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Archive for the ‘Poetry Friday’ Category

I’ve been thinking about and searching for peace after the turbulence of the past few months and came across this poem. I hope it brings you peace, too.

The Peace of Wild Things

By Wendell Berry

When despair for the world grows in me
and I wake in the night at the least sound
in fear of what my life and my children’s lives may be,
I go and lie down where the wood drake
rests in his beauty on the water, and the great heron feeds.
I come into the peace of wild things
who do not tax their lives with forethought
of grief. I come into the presence of still water.
And I feel above me the day-blind stars
waiting with their light. For a time
I rest in the grace of the world, and am free.

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I hope your classroom is not feeling this mixed up yet!

Mixed-Up School
By X J Kennedy

We have a crazy mixed-up school.
Our teacher Mrs. Cheetah
Makes us talk backwards. Nicer cat
You wouldn’t want to meet a.
To start the day we eat our lunch,
Then do some heavy dome-work.
The boys’ and girls’ rooms go to us,
The hamster marks our homework.
At recess time we race inside
To don our diving goggles,
Play pin-the-donkey-on-the-tail,
Ball-foot or ap-for-bobbles.
Old Cheetah with a chunk of chalk
Writes right across two blackbirds,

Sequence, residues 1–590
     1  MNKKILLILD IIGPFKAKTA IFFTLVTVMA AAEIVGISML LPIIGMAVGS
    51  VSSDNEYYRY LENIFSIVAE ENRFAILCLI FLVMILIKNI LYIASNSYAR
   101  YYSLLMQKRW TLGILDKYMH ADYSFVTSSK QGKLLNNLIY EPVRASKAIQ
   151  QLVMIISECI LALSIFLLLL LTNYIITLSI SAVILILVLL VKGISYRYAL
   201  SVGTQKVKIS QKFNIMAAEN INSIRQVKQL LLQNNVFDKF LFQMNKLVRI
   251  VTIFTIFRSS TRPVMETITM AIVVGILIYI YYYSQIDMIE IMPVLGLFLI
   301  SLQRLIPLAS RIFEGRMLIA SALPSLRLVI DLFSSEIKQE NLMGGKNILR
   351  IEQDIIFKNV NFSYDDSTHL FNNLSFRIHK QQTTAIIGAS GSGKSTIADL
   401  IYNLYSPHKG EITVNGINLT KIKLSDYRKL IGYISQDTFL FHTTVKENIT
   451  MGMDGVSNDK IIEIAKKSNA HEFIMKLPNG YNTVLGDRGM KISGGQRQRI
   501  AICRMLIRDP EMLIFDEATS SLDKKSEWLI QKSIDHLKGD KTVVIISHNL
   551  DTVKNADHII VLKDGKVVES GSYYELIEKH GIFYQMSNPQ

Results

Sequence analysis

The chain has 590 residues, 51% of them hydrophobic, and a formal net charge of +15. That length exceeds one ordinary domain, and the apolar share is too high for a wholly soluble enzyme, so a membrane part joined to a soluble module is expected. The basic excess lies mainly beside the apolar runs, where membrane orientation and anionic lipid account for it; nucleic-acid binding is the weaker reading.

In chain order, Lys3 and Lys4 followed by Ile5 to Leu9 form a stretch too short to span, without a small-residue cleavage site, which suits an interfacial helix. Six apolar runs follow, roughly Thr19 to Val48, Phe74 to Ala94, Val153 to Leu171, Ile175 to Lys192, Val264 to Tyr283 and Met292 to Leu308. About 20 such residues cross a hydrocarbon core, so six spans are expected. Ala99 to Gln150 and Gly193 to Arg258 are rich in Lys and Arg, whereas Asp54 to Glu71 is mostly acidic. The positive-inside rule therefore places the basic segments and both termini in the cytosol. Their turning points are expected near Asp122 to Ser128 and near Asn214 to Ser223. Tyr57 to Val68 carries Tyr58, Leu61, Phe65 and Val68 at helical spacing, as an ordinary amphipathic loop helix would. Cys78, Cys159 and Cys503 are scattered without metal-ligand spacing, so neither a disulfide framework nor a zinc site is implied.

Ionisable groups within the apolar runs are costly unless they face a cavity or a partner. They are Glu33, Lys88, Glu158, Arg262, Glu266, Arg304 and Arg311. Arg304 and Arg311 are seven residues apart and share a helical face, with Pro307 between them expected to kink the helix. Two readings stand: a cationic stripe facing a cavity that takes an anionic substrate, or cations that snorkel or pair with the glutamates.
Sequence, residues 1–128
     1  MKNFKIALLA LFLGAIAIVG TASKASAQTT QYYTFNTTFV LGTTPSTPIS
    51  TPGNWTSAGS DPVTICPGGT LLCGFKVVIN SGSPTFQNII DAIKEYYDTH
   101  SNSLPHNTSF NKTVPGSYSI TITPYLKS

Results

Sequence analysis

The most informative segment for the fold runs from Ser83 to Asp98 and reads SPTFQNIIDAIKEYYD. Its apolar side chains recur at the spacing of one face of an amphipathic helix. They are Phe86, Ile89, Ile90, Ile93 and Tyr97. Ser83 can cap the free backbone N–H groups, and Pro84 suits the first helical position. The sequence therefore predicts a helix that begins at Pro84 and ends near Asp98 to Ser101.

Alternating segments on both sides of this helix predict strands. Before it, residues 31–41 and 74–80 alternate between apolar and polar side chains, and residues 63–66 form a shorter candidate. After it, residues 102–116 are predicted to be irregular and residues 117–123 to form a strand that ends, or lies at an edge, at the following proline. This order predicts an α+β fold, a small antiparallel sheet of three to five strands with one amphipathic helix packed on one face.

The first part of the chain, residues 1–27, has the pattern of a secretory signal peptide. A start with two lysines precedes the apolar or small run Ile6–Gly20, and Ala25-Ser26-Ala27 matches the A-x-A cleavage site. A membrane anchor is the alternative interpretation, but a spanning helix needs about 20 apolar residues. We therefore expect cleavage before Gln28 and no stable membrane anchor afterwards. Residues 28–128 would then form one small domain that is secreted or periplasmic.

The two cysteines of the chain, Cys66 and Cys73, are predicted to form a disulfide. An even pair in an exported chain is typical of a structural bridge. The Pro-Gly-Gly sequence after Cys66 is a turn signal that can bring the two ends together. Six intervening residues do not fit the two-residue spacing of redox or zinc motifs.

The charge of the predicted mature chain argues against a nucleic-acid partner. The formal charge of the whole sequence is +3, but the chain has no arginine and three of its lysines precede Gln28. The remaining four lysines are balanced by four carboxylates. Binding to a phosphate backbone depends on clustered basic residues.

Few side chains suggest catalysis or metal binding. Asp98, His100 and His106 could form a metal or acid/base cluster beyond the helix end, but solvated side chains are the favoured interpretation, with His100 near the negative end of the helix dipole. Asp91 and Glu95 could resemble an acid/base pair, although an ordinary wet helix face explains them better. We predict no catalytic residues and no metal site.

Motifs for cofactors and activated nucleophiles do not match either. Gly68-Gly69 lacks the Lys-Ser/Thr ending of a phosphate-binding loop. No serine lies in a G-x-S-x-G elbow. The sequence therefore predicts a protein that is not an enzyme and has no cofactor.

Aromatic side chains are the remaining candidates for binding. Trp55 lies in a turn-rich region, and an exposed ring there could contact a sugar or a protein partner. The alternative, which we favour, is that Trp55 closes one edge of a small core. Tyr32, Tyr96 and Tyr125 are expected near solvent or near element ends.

And when she says, “Go home!” we walk
The whole way barefoot backwards.

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Just like Kate Messner, I don’t like to get political either. But I just had to post her lovely poem. Let us all remember the things that bring us together:

What We Have in Common
By Kate Messner

For just a minute, let’s look at the leaves together.

Do you see how this one blushes pink around the edges?

How that one is all red, its neighbor halfway gold?

I like the way it is leaning toward autumn

But isn’t quite ready to leap.

Read the full poem on Kate’s blog.

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You can definitely feel that change is in the air, right? The days are getting just a bit shorter and the evenings are getting cooler. And of course, we are all heading back to school! Here is a poem by Jane Kenyon to celebrate this season of transitions.

Three Songs at the End of Summer

By Jane Kenyon

A second crop of hay lies cut
and turned. Five gleaming crows
search and peck between the rows.
They make a low, companionable squawk,
and like midwives and undertakers
possess a weird authority.
Crickets leap from the stubble,
parting before me like the Red Sea.
The garden sprawls and spoils.
Across the lake the campers have learned
to water ski. They have, or they haven’t.
Sounds of the instructor’s megaphone
suffuse the hazy air. “Relax! Relax!”
Cloud shadows rush over drying hay,
fences, dusty lane, and railroad ravine.
The first yellowing fronds of goldenrod
brighten the margins of the woods.
Schoolbooks, carpools, pleated skirts;
water, silver-still, and a vee of geese.
*
The cicada’s dry monotony breaks
over me. The days are bright
and free, bright and free.
Then why did I cry today
for an hour, with my whole
body, the way babies cry?
*
A white, indifferent morning sky,
and a crow, hectoring from its nest
high in the hemlock, a nest as big
as a laundry basket …
                                    In my childhood
I stood under a dripping oak,